• Citi “being very thoughtful” about its approach on crypto given the questions around regulatory frameworks and supervisory expectations
  • Potential plans to trade futures would follow similar moves by Goldman Sachs and Bank of America in recent months

Citigroup is looking into trading bitcoin futures contracts on the Chicago Mercantile Exchange (CME) following moves by other banks to provide their clients with crypto exposure.

The global bank is considering products such as futures for some of its institutional clients given the strong regulation that such investment offerings operate under, a Citi spokesperson told Blockworks.

“Our clients are increasingly interested in this space, and we are monitoring these developments,” the representative said. “Given the many questions around regulatory frameworks, supervisory expectations, and other factors, we are being very thoughtful about our approach.”

Citi provides consumers, corporations, governments and institutions various financial products and services, including consumer banking and credit, corporate and investment banking, securities brokerage, transaction services and wealth management. It has about 200 million customer accounts and operates in more than 160 countries and jurisdictions.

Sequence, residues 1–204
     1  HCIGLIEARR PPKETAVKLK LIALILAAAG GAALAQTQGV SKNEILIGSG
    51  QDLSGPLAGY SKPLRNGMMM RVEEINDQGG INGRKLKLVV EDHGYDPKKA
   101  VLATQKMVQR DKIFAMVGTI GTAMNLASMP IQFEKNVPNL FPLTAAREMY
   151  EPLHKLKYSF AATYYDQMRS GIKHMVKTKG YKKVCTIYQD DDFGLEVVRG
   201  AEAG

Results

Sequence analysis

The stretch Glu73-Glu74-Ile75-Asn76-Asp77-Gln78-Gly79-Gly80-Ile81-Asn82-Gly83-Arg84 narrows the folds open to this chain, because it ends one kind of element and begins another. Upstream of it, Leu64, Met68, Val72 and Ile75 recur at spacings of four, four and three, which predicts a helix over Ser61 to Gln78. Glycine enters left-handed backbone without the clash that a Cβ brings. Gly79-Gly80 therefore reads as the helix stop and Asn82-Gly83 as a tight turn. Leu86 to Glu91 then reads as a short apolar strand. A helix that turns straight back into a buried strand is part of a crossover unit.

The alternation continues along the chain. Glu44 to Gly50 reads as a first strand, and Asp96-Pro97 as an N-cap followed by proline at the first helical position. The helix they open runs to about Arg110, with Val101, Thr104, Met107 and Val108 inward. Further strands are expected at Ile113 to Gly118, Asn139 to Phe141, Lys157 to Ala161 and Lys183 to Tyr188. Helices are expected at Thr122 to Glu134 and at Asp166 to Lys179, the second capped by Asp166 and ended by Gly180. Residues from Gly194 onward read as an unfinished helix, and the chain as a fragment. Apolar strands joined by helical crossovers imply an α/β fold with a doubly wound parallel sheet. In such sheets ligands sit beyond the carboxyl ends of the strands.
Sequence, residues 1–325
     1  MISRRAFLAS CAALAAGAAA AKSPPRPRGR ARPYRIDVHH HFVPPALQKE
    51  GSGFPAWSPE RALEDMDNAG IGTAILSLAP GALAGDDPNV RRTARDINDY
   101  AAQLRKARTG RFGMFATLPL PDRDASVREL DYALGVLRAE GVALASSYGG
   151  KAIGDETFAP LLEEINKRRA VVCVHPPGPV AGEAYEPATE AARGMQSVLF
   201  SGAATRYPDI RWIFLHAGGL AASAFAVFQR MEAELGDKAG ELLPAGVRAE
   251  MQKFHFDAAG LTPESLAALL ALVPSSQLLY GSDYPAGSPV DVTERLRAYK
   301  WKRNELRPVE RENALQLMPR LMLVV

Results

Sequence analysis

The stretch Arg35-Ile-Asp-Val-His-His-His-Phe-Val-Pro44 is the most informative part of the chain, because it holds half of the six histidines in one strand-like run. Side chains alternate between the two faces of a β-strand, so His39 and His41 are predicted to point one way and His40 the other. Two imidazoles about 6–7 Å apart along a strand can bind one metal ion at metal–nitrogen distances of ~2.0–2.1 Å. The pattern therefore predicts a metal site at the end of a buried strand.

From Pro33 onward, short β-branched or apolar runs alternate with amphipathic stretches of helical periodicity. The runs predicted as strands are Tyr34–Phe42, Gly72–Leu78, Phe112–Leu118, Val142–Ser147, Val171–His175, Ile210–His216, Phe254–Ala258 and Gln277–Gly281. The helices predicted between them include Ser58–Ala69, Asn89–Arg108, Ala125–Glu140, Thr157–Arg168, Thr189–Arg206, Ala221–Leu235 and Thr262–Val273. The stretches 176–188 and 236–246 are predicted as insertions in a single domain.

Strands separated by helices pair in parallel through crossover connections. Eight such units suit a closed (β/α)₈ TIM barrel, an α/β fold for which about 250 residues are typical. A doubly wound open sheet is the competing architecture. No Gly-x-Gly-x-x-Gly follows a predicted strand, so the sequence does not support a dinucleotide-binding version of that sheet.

The company’s potential plans come several months after Goldman Sachs announced a digital assets strategy involving offering bitcoin derivatives to clients and opening a dedicated trading desk for cryptocurrency. The Wall Street giant named Galaxy Digital the liquidity provider for its bitcoin futures block trades through CME Group in June. 

Last month, Bank of America was also reportedly set to use bitcoin futures through CME Group shortly after it began research coverage of cryptocurrency and digital assets.

“I expect that traditional Wall Street will try to get creative on how to benefit from crypto without diving in head-first,” David Tawil, president of ProChain Capital, previously told Blockworks. “It’s more likely that they will be forced [rather] than take the initiative.”

Outside of trading bitcoin futures, banks have shown more willingness to enter the crypto space. In July, JPMorgan reportedly became the first large US bank to allow its financial advisors to give all its wealth management clients access to cryptocurrency funds. 

Morgan Stanley confirmed in April that it was offering certain clients — individual investors with at least $2 million or investment firms with $5 million or more — exposure to bitcoin through two external crypto funds.

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  • Ben Strack is a Denver-based reporter covering macro and crypto-native funds, financial advisors, structured products, and the integration of digital assets and decentralized finance (DeFi) into traditional finance. Prior to joining Blockworks, he covered the asset management industry for Fund Intelligence and was a reporter and editor for various local newspapers on Long Island. He graduated from the University of Maryland with a degree in journalism. Contact Ben via email at [email protected]